[0030] Many HDAC inhibitor compounds are hybrid polar compounds, since they have in common two polar groups separated by an apolar 5-6 carbon methylene chain, and also exhibit limited solubility in water. TSA has a molecular weight of 302, and is soluble in DMSO and ethanol. With regard to immunosuppression, TSA (IC50=73 nM) has been shown to inhibit IL-2 expression in Jurkat cells (Takahashi et al., Selective inhibition of IL-2 gene expression by trichostatin A, a potent inhibitor of mammalian histone deacetylase. J. Antibiot., 49:453-57, 1996 (Tokyo); Koyama et al., Histone deacetylase inhibitors suppress IL-2-mediated gene expression prior to induction of apoptosis, Blood, 96:1490-95, 2000; Nambiar et al., Effect of trichostatin A on human T cells resembles signaling abnormalities in T cells of patients with systemic lupus erythematosus: a new mechanism for TCR zeta chain deficiency and abnormal signaling, J. Cell Biochem., 85:459-69, 2002).

[0031] In summary, the HDAC inhibitors are soluble in DMSO and ethanol, are small, and are extremely potent anti-proliferative and immunosuppressive agents. Additionally, since HDAC inhibitors are not cytotoxic, they are likely to have little or no toxicity in the blood vessel walls. Furthermore since HDAC inhibitors inhibit inflammation, are immunosuppressant, and likely inhibit migration and extracellular matrix formation, HDAC inhibitors have biological properties that are ideally suited for inhibiting, preventing, and/or treating vascular SMC proliferative diseases.

[0032] In view of the foregoing, the present invention provides a medical device for use in inhibiting proliferation and/or migration of smooth muscle cells (e.g., vascular SMC), wherein the medical device has a coating comprising at least one HDAC inhibitor. The medical device may be particularly useful for preventing, treating, or inhibiting the occurrence of conditions associated with vascular SMC proliferation, including, without limitation, restenosis, restenosis after angioplasty and/or stent implantation, and accelerated arteriopathy after cardiac transplantation.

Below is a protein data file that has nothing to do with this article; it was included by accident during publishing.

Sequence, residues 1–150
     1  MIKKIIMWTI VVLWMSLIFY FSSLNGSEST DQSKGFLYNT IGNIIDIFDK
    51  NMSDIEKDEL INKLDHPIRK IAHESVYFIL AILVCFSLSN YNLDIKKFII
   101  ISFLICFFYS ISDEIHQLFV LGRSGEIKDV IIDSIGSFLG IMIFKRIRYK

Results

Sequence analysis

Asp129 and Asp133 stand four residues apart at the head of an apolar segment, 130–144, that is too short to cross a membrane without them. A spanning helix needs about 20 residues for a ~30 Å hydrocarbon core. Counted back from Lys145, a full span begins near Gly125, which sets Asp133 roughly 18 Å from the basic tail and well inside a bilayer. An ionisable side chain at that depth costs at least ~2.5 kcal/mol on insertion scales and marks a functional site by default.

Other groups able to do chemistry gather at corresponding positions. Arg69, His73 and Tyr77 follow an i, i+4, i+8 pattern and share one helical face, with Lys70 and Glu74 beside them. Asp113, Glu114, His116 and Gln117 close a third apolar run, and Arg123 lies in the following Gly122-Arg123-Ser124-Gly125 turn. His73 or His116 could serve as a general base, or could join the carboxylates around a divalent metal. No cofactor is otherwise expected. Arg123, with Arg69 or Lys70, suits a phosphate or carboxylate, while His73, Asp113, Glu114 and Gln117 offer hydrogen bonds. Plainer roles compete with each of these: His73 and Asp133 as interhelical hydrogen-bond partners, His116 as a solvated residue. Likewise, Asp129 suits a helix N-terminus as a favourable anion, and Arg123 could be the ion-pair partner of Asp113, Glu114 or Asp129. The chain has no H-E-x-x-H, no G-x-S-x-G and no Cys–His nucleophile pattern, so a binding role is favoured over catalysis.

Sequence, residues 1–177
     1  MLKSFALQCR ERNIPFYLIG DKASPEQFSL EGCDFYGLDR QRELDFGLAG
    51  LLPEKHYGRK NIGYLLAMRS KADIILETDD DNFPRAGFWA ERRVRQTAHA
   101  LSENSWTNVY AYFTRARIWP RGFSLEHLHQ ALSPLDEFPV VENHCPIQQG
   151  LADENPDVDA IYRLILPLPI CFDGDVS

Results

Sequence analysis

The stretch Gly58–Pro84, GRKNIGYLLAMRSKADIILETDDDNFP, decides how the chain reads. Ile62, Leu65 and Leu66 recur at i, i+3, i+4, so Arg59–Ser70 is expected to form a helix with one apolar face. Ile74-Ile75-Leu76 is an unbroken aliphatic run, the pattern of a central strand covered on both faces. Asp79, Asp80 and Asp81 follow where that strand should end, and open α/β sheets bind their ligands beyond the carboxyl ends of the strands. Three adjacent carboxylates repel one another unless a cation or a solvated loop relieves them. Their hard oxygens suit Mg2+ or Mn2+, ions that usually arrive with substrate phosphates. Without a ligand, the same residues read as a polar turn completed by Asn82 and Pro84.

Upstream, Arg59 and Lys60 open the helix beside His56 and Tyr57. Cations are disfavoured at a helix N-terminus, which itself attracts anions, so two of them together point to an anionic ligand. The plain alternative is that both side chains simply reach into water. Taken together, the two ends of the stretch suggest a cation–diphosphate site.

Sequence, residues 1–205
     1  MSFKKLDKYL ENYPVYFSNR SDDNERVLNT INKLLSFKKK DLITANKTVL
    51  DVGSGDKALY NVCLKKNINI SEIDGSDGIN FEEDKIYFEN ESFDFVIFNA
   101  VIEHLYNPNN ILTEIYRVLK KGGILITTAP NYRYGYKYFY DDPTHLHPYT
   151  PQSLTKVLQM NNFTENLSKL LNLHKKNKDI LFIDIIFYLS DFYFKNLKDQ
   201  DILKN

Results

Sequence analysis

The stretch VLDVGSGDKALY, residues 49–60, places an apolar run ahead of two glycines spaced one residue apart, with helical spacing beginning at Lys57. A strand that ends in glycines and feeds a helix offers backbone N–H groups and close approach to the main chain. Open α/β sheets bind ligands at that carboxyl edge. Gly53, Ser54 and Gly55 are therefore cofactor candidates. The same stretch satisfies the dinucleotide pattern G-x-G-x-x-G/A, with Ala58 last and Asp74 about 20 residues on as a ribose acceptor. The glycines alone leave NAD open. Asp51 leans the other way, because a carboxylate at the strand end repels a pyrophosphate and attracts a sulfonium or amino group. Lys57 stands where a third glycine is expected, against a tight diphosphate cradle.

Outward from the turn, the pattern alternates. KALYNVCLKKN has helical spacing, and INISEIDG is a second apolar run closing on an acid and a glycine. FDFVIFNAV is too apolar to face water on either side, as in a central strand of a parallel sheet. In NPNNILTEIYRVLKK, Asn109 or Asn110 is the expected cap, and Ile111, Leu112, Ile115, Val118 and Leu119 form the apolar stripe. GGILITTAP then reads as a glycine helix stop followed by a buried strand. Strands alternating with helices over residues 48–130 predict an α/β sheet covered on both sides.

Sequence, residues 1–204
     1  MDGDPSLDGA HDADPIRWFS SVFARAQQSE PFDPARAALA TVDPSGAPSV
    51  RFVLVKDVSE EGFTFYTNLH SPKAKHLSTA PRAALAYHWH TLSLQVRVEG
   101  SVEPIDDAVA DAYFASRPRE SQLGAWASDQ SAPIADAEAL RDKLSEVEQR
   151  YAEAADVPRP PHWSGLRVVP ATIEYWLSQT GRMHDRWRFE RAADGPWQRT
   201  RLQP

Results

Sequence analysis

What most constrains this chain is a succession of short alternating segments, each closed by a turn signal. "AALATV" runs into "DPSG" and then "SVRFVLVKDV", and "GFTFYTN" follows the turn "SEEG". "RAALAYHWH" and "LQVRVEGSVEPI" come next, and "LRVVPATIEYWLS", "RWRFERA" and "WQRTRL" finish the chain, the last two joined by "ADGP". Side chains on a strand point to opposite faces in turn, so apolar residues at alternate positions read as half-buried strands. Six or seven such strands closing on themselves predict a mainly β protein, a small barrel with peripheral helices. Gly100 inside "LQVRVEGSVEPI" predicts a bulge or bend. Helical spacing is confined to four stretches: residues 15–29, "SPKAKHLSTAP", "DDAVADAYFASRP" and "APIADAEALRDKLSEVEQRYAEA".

[0033] HDAC may be inhibited by disabling, disrupting, or inactivating the function or activity of HDAC, or by diminishing the amount or expression of HDAC in a cell or tissue. Furthermore, HDAC function or activity may be inhibited by targeting HDAC directly, or by targeting HDAC indirectly by directly or indirectly causing, inducing, or stimulating the down-regulation of HDAC activity or expression within a cell or tissue. As used herein, “an HDAC inhibitor” shall include a protein, polypeptide, peptide, nucleic acid (including DNA, RNA, and an antisense oligonucleotide), antibody (monoclonal and polyclonal, as described above), Fab fragment (as described above), F(ab′)2 fragment, molecule, compound, antibiotic, drug, and any combinations thereof, and may be an agent reactive with HDAC (i.e., it has affinity for, binds to, or is directed against HDAC). Additionally, the HDAC inhibitor may be an oligonucleotide antisense to HDAC, or RNAi directed against a nucleic acid encoding HDAC.

[0034] The HDAC inhibitor of the present invention may be any known in the art, including any of those described above. In one embodiment of the present invention, the HDAC inhibitor is trichostatin-A, suberoylanilide hydroxamic acid (SAHA), trapoxin, butyric acid, MS-27-275, oxamflatin, apicidin, depsipeptide, or depudecin. In one embodiment, the HDAC inhibitor is trichostatin-A, oxamflatin, or SAHA. It is to be understood that a number of compounds or agents that are not listed herein also inhibit HDAC activity. Accordingly, the list of exemplary HDAC inhibitor compounds or agents set forth herein is not limited thereto.